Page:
Has the Brexit crisis done a favour for agricultural commodities?
A week on from the UK's vote to leave the European Union, markets' vital statistics do not look nearly so terrifying.
US shares, as measured by the Dow Jones industrial index closed last night just 0.4% below where they stood the week before the poll result, having slumped earlier in what might be called Brexit's ground zero week, as investors scrambled for assets deemed safe havens instead.
The Vix index, the so-called gauge of fear, stood up 1.8%, having at one stage over the week posted gains of more than 40%.
As for commodities, the CRB index stood just 0.5% below where it had a week before.
But if that conveys an image of harmonious performance – of an across-the-board withdrawal of risk premium earlier in the week, before reinjection as fears subsided – agricultural commodities were, at best, on the edge of the picture.
Asset performance, general markets, for the week after the Brexit vote
Brent crude: -2.4%
CRB commodities index: -0.5%
Dow Jones Industrial Average share index: -0.4%
Dollar: +2.9% (against a basket of currencies)
And along the way, many contracts bucked the trend of falling shares, and a rising dollar too.
On the first day of Brexit ground zero week, last Friday, best-traded September wheat futures traded down just 0.2% in Chicago, (where the spot July contract showed a small gain), even as the safe haven of the dollar was soaring by 2.5%.
The next day, soybeans posted a 1.6% gain, and sugar a 2.5% jump, even as investors were still scrambling for the exit on other risk assets.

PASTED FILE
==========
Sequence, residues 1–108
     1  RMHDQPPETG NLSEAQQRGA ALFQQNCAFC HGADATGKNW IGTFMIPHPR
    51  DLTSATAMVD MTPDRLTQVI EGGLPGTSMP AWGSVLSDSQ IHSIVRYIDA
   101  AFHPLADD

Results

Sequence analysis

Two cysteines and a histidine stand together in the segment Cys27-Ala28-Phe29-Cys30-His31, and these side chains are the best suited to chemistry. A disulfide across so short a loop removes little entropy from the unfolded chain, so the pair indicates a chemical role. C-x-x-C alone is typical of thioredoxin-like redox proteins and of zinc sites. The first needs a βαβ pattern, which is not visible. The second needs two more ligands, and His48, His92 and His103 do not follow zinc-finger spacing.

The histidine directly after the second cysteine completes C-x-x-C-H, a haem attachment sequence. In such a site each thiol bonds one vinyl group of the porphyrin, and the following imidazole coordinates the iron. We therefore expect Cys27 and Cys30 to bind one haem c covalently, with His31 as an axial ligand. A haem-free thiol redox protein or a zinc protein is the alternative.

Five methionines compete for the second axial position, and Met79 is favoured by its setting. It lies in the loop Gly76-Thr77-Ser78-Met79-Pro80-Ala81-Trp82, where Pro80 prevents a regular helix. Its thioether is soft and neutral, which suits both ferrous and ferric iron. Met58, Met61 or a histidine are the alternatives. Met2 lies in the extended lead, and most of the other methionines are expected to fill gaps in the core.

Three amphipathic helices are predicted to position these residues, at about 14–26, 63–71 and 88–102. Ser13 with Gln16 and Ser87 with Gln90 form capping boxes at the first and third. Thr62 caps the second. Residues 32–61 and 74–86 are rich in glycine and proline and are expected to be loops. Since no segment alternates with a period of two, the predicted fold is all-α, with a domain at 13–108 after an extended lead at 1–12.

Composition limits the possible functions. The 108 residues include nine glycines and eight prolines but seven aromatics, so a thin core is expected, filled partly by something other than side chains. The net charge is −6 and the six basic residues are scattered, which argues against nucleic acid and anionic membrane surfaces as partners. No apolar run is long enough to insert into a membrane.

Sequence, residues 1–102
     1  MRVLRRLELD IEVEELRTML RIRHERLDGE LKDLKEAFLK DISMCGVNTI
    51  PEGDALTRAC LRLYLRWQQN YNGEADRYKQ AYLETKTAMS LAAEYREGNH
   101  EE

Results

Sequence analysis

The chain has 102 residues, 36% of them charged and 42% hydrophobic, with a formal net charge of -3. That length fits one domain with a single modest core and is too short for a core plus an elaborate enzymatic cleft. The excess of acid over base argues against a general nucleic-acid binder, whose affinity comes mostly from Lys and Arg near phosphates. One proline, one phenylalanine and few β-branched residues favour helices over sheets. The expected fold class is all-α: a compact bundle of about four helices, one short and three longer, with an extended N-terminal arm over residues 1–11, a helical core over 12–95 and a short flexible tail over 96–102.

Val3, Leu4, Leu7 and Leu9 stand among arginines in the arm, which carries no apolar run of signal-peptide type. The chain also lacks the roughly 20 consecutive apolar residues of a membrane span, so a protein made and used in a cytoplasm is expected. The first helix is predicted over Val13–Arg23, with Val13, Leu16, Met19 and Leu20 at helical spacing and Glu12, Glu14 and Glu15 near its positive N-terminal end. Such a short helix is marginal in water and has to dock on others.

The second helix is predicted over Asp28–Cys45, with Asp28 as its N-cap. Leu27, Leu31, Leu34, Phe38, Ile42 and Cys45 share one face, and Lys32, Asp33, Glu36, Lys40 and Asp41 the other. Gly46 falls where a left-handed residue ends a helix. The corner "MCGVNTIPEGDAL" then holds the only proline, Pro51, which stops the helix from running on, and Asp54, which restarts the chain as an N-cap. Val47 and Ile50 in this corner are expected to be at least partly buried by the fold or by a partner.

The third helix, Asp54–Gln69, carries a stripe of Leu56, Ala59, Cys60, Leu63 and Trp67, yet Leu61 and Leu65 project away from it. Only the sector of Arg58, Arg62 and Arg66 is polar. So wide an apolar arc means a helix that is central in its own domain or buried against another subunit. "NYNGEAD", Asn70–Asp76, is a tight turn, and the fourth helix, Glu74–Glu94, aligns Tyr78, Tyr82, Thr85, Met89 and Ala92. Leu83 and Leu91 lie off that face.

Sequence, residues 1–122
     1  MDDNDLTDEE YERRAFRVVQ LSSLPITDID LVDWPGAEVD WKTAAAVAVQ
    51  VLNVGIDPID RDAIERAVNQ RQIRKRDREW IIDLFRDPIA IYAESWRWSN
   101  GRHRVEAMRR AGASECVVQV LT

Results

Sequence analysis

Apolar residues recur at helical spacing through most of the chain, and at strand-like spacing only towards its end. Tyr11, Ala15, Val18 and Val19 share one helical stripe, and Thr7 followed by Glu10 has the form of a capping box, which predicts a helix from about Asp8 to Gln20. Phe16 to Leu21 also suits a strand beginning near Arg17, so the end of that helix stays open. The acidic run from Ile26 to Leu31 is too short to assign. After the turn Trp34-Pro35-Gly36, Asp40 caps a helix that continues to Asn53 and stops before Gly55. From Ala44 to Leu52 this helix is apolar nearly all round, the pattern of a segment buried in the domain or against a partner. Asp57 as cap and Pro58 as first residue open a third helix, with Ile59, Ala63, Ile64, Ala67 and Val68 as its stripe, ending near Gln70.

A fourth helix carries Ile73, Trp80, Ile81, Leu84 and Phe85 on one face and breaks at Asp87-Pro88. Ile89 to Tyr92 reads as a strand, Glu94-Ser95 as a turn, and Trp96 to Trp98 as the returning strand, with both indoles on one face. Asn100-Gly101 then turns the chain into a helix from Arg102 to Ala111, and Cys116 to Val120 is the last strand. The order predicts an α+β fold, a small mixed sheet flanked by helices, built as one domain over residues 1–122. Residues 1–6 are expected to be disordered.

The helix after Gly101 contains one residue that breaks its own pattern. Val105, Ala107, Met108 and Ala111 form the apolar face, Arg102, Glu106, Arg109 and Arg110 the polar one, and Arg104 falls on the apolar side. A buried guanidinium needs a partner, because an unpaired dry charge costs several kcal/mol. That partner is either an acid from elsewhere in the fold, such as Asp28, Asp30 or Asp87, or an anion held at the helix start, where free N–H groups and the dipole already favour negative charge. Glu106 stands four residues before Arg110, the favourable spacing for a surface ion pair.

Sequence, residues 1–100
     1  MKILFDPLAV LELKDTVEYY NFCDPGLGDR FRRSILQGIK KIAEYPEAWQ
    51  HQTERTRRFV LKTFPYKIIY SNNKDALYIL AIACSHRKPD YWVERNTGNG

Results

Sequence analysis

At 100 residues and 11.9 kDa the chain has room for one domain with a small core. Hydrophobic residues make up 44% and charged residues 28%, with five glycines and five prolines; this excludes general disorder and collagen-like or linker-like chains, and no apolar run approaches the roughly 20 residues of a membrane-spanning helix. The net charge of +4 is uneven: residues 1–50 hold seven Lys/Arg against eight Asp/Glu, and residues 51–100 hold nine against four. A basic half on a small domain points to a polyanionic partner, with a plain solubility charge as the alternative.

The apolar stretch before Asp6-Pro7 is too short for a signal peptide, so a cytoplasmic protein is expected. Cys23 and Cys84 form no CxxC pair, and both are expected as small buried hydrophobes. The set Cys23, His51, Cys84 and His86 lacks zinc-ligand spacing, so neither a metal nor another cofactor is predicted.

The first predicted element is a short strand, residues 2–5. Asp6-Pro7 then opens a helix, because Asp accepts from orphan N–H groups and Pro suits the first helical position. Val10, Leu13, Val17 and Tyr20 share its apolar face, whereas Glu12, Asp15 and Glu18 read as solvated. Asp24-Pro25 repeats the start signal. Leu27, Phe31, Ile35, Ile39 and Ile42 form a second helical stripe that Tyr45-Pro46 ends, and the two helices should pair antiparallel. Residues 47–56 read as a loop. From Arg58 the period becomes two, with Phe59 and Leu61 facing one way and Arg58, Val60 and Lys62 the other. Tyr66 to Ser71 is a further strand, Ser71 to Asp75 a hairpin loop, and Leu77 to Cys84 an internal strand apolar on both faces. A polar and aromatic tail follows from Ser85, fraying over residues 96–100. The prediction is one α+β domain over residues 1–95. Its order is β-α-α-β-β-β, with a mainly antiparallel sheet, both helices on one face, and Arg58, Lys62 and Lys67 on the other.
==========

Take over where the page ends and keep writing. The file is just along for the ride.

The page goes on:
It looks like agricultural commodities have bashed out another dent to their reputation as uncorrelated assets, which took a battering around the turn of the decade, when they proved no more resistant that the likes of shares to the world financial crisis.
Asset performance, selected ags, for the week after the Brexit vote
Raw sugar: +6.9% (New York)
Soybeans: +4.7%, (Chicago)
Wheat: -5.5%, (Chicago)
Corn: -6.7%, (Chicago)
Cocoa: -6.9% (New York)
"While the risk premium on commodity futures is essentially the same as equities, commodity futures returns are negatively correlated with equity returns and bond returns," a paper by Yale and Wharton academics said.
The trouble was that the extent of fund interest in commodities rendered them as vulnerable as equities to a crisis which prompted institutional selling en masse.
Still, ags had already this year highlighted their divorce from share markets in performance terms, with gains which far outperformed those stockmarket investors were enjoying.
It looks like the last week has only highlighted further their market independence.
This could attract a whole new wave of investment into ags by funds reminded that the aftershocks of the world economic crisis – to which many see roots of the UK's Brexit vote – still have the power to send markets into turmoil.
The trouble is that such a cash injection could, once again, hitch commodity and share markets together again.
It is no coincidence that the decorrelation of shares and commodities followed a mass withdrawal from raw materials markets of assets under management, whose value sank from a pre-crisis high of $150bn to $67bn by 2014.
The likes of Harvard University, which last year cut to zero its target commodities allocation in its $36bn portfolio, may have regretted their exit.
But allowing ag markets the freedom to move their own way isn't all bad.
By Mike Verdin